CA1322924C (en) Infusion device with disposable elements
AU762251B2 (en) Syringe pumps
US5056992A (en) IV pump and disposable flow chamber with flow control
US5954695A (en) Multi-dose syringe driver
US6623447B2 (en) Apparatus and method for preventing free flow in an infusion line
CN102448522B (en) Drug delivery device
USRE37074E1 (en) Pumping device having inlet and outlet valves adjacent opposed sides of a tube deforming device
DE69731464T2 (en) Ambulant, microprocessor-controlled volumetric disposable pump
US5104375A (en) Locking holder for a pair of syringes and method of use
US3963023A (en) Extracorporeal blood circulation system and pump
US4781548A (en) Infusion pump system and conduit therefor
EP0562246B1 (en) Fluid control device including automatic valve
EP0839062B1 (en) Interlock, latching and retaining mechanism for an infusion pump
US4526574A (en) Differential occlusion sensing method and apparatus
US6362591B1 (en) Method and apparatus for detection of occlusions
US3927955A (en) Medical cassette pump

Legal Events

Date Code Title Description
AS Assignment

Owner name: FISHER SCIENTIFIC COMPANY, 711 FORBES AVENUE, PITT

Free format text: ASSIGNMENT OF ASSIGNORS INTEREST.;ASSIGNORS:BENSCHOTEN, PETER VAN;BURKETT, DAVID;REEL/FRAME:004905/0715

Effective date: 19880603

Owner name: FISHER SCIENTIFIC COMPANY,PENNSYLVANIA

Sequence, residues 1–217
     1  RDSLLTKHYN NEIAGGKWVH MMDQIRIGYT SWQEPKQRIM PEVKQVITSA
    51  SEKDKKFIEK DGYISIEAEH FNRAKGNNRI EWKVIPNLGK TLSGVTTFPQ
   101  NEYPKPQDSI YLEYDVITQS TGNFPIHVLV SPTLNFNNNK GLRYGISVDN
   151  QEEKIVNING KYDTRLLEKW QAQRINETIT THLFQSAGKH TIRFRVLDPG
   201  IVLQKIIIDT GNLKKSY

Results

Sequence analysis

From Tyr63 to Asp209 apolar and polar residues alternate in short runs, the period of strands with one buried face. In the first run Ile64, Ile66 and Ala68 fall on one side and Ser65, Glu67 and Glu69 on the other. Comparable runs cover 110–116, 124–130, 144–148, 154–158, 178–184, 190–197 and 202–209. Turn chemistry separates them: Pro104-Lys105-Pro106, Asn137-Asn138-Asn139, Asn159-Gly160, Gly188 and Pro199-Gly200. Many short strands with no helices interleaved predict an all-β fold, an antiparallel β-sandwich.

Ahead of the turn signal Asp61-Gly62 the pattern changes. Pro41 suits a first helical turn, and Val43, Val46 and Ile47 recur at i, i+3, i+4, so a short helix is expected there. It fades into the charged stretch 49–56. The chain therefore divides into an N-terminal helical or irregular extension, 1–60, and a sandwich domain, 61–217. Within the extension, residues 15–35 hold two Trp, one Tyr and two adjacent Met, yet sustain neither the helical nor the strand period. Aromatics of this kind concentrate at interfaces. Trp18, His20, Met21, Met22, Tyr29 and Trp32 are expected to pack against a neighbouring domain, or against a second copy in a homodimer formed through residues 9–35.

Free format text: ASSIGNMENT OF ASSIGNORS INTEREST;ASSIGNORS:BENSCHOTEN, PETER VAN;BURKETT, DAVID;REEL/FRAME:004905/0715

Effective date: 19880603

AS Assignment

Owner name: IMED CORPORATION, A CORP. OF DE

Free format text: ASSIGNMENT OF ASSIGNORS INTEREST.;ASSIGNOR:FISHER SCIENTIFIC COMPANY, A CORP., OF DE;REEL/FRAME:005278/0559

Effective date: 19900402

Owner name: GENERAL ELECTRIC CAPITAL CORPORATION, A CORP. OF N

Free format text: SECURITY INTEREST;ASSIGNOR:IMED CORPORATION;REEL/FRAME:005278/0541

Effective date: 19900402

FPAY Fee payment

Year of fee payment: 4

AS Assignment

Owner name: IMED CORPORATION, CALIFORNIA

Free format text: SECURITY INTEREST;ASSIGNOR:GENERAL ELECTRIC CAPITAL CORPORATION;REEL/FRAME:008454/0006

Effective date: 19961126

FPAY Fee payment

Year of fee payment: 8

AS Assignment

Owner name: BANKERS TRUST COMPANY, NEW YORK

Free format text: SECURITY INTEREST;ASSIGNOR:IVAC HOLDINGS, INC.;REEL/FRAME:008568/0540

Effective date: 19961126

AS Assignment

Owner name: IVAC HOLDINGS, INC., CALIFORNIA

Free format text: MERGER;ASSIGNOR:IMED CORPORATION;REEL/FRAME:008613/0837

Effective date: 19961126

Owner name: ALARIS MEDICAL SYSTEMS, INC, CALIFORNIA

Free format text: CHANGE OF NAME;ASSIGNOR:IVAC HOLDINGS, INC.;REEL/FRAME:008628/0252

Effective date: 19970429

REMI Maintenance fee reminder mailed
LAPS Lapse for failure to pay maintenance fees
FP Expired due to failure to pay maintenance fee

Effective date: 20010815

STCH Information on status: patent discontinuation

Free format text: PATENT EXPIRED DUE TO NONPAYMENT OF MAINTENANCE FEES UNDER 37 CFR 1.362